Last week, the Department of Defense announced it was opening front-line combat roles to women. I believe this change in policy will prove to be a mighty mistake. I say this not as a military expert but as one who has observed political dynamics for some time.
The secretary’s decision will now unleash political forces that in the end will make our military weaker. All this could have been avoided if we had been allowed a national debate, but the administration is rushing to stack up perceived political wins while it can — and so here we are.
The Obama administration has been deadly silent on the issue of women now being forced into the Selective Service System and future drafts, but this is precisely where we will end up. They have been joined in silence by most in Washington, but we need a robust conversation here because you can’t have a military fully open to women without a Selective Service System also fully open to women.
The administration has not said a word about the linkage, but in 1981 the Supreme Court ruled that a male- only draft was constitutional only because women were banned from combat jobs.
The second way in which I believe our military will be hurt is in the inevitable lowering of standards that will hurt mission capability. I say this because I don’t think it’s politically sustainable in today’s culture of “political correctness” to have combat roles open to women but not have women qualifying for those roles. There would be enormous political pressure brought on our armed services by Congress and the White House to open up eligibility. An analogous scenario would be if I pay your heating bill, do you think I may have a say in how you set the temperature?
Here is the way in which I think politics would drive this process.
Currently all branches of the military take annual personal fitness tests (PFTs). In some branches, like the Marines, they do more than this with an annual combat fitness test (CFTs). All are gender normed; so as an example, men have a minimum number of pull-ups to meet standard, while the female standard is not an actual pull-up but a 70-second flexed arm hang.
There is nothing wrong with this, as the military is maintaining a minimum standard of overall health that is essential to all military roles — whether you are a helicopter pilot in the Army, an ensign in the Navy or an Intel officer in the Marines. The problem in the elite forces is that physical prowess is not a part of what you do; it is part and parcel to what you do.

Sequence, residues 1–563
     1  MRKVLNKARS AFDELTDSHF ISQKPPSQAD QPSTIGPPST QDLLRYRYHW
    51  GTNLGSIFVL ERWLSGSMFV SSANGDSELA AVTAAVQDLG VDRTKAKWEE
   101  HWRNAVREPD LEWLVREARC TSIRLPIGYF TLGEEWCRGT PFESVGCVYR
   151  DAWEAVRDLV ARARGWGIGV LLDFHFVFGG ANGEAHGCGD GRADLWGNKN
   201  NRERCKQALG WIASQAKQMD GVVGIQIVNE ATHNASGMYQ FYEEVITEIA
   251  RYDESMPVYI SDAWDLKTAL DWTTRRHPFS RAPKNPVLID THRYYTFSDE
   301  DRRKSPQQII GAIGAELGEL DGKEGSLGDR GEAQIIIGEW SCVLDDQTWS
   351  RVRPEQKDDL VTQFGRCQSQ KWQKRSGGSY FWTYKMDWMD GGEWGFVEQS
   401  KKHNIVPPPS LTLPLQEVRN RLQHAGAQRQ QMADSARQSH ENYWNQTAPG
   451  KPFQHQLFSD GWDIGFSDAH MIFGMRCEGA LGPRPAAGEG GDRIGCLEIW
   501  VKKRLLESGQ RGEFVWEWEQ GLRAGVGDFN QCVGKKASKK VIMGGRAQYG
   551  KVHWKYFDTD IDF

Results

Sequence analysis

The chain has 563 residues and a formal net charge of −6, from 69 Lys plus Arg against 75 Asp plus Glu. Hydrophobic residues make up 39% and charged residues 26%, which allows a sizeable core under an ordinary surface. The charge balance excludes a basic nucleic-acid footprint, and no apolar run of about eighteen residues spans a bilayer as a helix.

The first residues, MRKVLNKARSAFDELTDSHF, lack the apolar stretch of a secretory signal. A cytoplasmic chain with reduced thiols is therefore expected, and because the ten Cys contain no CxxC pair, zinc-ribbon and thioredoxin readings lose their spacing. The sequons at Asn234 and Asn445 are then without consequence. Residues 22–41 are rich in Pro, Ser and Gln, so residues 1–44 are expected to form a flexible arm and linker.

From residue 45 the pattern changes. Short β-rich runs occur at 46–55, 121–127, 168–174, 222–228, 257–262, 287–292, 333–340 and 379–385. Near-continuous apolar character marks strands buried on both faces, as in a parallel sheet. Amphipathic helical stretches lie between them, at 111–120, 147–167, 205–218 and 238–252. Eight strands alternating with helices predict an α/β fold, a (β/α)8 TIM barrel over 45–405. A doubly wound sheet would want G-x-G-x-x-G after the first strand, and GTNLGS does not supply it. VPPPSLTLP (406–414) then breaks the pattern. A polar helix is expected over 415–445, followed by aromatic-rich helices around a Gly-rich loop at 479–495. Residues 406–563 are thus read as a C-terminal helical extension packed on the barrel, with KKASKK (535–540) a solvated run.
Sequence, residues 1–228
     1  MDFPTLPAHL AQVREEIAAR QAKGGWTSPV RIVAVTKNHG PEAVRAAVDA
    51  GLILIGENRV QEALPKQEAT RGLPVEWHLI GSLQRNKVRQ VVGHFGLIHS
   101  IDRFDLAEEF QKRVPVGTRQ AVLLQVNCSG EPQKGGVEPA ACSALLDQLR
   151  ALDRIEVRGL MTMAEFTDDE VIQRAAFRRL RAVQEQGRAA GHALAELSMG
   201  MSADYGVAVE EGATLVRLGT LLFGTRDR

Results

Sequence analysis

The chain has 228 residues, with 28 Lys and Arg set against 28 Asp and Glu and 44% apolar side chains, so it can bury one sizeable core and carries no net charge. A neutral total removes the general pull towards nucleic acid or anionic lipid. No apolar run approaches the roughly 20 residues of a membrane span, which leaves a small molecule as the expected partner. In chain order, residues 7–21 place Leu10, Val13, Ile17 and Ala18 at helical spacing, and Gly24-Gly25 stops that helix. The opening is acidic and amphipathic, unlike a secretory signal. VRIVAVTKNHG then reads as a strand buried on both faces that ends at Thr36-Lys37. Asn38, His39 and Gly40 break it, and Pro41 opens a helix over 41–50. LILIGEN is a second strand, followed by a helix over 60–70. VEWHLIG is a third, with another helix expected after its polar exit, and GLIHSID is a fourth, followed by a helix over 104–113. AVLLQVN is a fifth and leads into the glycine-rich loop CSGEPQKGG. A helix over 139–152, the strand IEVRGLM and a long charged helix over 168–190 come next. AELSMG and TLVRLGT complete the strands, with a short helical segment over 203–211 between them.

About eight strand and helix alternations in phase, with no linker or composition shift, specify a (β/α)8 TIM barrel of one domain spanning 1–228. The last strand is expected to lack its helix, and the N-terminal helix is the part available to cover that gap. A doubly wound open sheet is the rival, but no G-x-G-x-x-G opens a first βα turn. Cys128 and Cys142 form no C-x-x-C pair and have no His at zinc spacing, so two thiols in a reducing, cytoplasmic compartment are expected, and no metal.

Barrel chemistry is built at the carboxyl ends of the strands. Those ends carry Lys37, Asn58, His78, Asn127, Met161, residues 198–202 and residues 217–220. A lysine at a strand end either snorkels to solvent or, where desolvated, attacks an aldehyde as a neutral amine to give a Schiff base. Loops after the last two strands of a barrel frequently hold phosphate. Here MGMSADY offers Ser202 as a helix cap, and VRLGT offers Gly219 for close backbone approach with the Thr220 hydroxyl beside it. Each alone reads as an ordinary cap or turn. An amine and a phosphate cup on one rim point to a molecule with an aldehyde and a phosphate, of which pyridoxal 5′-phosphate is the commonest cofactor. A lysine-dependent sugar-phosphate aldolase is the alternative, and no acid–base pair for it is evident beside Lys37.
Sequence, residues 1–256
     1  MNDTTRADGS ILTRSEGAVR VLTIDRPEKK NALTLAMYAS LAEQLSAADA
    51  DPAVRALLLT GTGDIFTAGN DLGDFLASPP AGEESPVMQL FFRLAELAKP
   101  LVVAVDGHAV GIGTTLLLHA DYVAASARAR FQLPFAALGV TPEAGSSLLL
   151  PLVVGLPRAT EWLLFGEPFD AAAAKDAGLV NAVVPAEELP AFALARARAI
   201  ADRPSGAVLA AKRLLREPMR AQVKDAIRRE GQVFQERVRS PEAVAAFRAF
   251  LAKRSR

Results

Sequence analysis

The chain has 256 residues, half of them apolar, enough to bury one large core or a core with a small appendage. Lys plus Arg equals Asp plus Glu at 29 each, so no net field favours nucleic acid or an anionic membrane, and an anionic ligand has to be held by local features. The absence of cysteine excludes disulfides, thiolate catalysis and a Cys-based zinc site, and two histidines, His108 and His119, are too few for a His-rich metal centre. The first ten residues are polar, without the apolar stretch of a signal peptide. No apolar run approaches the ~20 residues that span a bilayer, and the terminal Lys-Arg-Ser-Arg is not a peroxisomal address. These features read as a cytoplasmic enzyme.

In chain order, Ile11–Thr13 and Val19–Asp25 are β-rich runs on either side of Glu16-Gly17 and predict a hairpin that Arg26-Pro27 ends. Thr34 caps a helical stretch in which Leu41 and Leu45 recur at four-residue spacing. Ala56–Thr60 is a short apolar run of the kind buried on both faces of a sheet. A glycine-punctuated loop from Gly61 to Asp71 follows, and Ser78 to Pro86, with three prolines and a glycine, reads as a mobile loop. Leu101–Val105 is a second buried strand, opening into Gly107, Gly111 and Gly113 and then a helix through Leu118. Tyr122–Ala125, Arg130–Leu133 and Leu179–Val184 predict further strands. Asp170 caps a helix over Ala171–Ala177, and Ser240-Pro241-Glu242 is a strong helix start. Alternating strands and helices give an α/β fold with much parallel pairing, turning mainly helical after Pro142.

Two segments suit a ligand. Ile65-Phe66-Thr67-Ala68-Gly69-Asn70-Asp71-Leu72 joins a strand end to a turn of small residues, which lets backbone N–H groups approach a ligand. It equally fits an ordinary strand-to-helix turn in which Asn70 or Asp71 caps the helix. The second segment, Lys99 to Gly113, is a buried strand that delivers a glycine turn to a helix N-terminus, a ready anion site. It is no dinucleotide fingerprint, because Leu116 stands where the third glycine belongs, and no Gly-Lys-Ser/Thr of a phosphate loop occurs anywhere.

Navy Seals comprise but 1 percent of the Navy, Force Recon is about the same within the Marines — while Delta Force numbers are actually classified. Our nation asks these people to do remarkably rugged things that pose great danger and serious physical challenge. In hand-to-hand combat with a unit’s survival hanging in the balance, I don’t think it’s a good idea for the Russian commando to prevail over one member of a small squad. The Marines have actually looked deeply at this and recently completed a 1,000-page study that concluded that male units overwhelmingly outperformed integrated units in physical tasks.
My sister is a wonderful woman and a far better shot than I am, but she can’t carry me very far. I believe we begin to affect unit cohesion when members of a unit believe their counterparts can’t carry them out of a bad spot in which they may have found themselves.
My only point in all this is that if we march forward with what’s proposed without a serious debate, politics will inevitably change standards. It’s not believable to me that the military will be able to hold to standards that doom the overwhelming number of entrants to failure. It’s not good for them; it’s not good for the military. This year, every woman who sought entry into the Marine Infantry Officer Course failed. While that might be sustainable for a while in one branch, I don’t think it’s sustainable for all branches.
There is a reason we don’t see a lot of women in the NFL, and if we really want to try a social experiment, let’s make one-third of the Army football team female and see how it does next year against Navy.
But this is not a social experiment, lives hang in the balance.
Asking for more than a directive from the defense secretary in this instance does not denigrate the great contribution women make every day in our armed forces or the extraordinary physical ability of some.
It means I’m simply weary of unilateral action from this president — particularly when it begins to define combatants in Seal Team 6 — or the inclusion of my niece, Kate, in future drafts.
Mark Sanford, a Republican, represents South Carolina’s 1st District in the U.S. House.